Thompson also said the city needs about $500,000 for hiring extra police. Other efforts to stem rising violent crime include an offer by Dauphin County District Attorney Edward Marsico of $25,000 from his funds to cover police overtime and for help with crime camera installations. The mayor is also asking residents to step up crime watch activity. (See below “Harrisburg City Crime Stats, Feb. 26-March 3”)
“My No. 1 priority since taking office” has been crime,” Thompson assured the gathering. Every Monday of the week, the city police department holds public briefings on crime.
What Commonwealth Court Decision Means to Harrisburg City
By Frank Pizzoli
Elected City Controller Dan Miller explains for Central Voice the Commonwealth Court’s recent decision to require the court-appointed Receiver David Unkovic to bring his asset lease or sale plan back for her review. Miller is running for mayor in the next election cycle.
In a nutshell, the receiver’s side “admitted that there is only a general plan and not a detailed plan with numbers,” Miller points out. The judge referred to the plan as “preliminary” in her order. “She wants him (Unkovic) to bring back concrete details,” Miller said.
The receiver’s requirement to “bring back concrete details” means that he has to come back to court before he can sell or lease assets. Miller says that’s a “big victory as now the judge is involved” because Miller and other challengers will have a chance to present an opposing view if necessary.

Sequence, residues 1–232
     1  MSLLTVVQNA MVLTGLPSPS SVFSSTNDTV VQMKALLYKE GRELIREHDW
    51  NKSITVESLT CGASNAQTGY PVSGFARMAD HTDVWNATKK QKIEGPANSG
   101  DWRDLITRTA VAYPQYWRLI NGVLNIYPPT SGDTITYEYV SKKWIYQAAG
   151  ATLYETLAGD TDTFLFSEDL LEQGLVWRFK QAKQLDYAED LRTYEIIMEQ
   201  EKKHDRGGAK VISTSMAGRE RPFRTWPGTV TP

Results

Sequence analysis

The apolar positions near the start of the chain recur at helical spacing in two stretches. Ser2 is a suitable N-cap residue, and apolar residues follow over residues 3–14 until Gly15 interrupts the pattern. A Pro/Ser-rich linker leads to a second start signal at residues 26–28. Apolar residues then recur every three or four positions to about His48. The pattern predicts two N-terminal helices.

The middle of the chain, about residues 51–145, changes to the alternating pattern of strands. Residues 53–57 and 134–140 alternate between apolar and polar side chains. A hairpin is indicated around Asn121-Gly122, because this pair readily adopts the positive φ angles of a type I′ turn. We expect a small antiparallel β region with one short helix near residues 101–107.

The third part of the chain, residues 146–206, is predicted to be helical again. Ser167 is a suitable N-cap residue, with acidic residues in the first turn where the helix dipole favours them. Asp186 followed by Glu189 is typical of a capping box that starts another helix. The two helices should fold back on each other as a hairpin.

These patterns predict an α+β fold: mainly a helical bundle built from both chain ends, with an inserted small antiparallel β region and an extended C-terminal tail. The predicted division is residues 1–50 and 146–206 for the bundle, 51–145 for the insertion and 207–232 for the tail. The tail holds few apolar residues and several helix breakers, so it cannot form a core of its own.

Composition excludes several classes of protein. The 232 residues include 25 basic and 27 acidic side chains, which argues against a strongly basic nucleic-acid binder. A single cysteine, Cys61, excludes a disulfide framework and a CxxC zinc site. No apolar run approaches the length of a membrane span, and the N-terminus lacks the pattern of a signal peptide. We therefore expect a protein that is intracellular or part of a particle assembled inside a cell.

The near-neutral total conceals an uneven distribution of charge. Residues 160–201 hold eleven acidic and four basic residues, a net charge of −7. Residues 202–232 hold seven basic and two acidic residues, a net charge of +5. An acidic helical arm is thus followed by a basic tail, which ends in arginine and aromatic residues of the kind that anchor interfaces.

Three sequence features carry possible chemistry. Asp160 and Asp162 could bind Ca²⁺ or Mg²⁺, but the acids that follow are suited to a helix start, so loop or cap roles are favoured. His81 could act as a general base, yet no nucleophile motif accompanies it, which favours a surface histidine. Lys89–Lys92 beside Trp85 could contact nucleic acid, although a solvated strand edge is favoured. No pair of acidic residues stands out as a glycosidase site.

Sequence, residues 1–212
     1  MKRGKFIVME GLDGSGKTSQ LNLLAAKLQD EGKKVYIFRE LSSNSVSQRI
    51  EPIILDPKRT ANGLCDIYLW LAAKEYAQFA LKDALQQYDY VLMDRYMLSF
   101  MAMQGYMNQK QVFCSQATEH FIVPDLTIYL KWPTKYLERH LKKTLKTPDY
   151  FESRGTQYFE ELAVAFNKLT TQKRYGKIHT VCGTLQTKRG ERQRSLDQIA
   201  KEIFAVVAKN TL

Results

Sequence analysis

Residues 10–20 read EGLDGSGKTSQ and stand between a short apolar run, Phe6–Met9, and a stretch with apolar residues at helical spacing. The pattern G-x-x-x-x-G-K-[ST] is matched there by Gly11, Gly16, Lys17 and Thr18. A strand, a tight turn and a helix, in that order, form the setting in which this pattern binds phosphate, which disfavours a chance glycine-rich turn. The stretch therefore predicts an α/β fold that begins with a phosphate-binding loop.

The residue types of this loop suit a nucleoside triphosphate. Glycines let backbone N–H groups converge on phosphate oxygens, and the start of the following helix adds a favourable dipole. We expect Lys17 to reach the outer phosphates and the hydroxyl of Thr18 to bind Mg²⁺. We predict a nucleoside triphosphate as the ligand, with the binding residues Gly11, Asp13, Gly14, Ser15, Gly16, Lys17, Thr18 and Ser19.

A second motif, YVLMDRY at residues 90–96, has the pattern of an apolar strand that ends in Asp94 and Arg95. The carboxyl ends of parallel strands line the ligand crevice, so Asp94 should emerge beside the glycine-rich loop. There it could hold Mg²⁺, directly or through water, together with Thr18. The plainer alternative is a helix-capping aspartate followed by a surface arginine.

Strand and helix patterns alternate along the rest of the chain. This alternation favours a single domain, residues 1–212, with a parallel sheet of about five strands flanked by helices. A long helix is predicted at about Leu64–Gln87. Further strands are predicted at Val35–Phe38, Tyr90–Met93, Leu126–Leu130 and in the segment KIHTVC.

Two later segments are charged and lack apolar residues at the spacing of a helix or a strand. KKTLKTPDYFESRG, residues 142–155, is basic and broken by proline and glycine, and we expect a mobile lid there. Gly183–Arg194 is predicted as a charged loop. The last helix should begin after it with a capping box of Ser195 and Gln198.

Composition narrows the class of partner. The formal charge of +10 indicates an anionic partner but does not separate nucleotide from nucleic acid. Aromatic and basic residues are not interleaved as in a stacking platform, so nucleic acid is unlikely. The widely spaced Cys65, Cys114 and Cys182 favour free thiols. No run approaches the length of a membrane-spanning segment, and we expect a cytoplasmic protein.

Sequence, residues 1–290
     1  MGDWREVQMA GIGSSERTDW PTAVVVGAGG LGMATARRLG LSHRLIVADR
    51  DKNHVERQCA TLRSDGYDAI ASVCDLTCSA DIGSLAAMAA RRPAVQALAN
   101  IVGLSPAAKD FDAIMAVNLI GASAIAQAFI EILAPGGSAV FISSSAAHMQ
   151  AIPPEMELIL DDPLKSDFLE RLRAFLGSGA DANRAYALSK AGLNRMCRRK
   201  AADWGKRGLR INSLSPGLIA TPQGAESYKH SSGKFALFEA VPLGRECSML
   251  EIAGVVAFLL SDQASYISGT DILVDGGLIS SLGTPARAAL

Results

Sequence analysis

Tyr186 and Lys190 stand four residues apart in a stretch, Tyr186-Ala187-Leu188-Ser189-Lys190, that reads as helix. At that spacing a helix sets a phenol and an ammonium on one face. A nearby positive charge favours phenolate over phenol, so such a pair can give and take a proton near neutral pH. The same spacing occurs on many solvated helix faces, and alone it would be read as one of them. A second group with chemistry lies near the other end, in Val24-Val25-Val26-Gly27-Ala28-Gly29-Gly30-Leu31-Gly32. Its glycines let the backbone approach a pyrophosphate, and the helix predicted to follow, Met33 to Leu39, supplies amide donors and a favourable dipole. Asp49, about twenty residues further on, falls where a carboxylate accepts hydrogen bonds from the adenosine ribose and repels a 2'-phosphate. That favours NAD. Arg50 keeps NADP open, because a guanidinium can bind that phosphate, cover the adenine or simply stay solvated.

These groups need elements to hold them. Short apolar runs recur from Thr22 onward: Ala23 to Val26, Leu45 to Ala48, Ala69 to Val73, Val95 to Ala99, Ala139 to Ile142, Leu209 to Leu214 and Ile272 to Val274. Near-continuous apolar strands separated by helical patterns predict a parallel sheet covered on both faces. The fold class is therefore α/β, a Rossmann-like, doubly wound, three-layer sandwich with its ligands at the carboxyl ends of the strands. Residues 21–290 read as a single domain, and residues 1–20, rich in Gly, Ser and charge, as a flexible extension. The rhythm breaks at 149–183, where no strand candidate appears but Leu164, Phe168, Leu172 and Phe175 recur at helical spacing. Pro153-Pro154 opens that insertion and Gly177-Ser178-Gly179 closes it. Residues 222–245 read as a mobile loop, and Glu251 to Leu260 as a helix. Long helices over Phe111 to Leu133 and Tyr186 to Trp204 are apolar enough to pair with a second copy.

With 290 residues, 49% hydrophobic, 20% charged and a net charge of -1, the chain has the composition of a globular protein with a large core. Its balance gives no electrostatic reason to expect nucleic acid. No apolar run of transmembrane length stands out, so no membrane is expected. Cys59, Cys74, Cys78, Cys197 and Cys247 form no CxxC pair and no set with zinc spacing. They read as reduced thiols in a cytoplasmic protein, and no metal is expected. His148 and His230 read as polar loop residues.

The receiver’s attorney said in court that they would be glad to work with both City Treasurer John Campbell and Miller in order to agree on numbers. “They have not worked with us in the past and this gives us a chance to get correct numbers before we go back to court,” Miller said.
Miller says the most important part of the judge’s decision is that “in her summation she says that it doesn’t make sense for Harrisburg to sell assets if the plan is ultimately going to fail. If we can convince her the plan will not work, then that would stop her from allowing him to sell assets.” Basically, Miller says the judge allowed Unkovic to proceed constructing a complete plan and then brings it back to the court.
“We were extremely pleased with what happened in Commonwealth Court,” Miller concluded.
Harrisburg City Crime Stats, Feb. 26-March 3
Source: Today’s the Day, Tara Leo Auchey
Via Spotcrime and compiled by Jan Konkle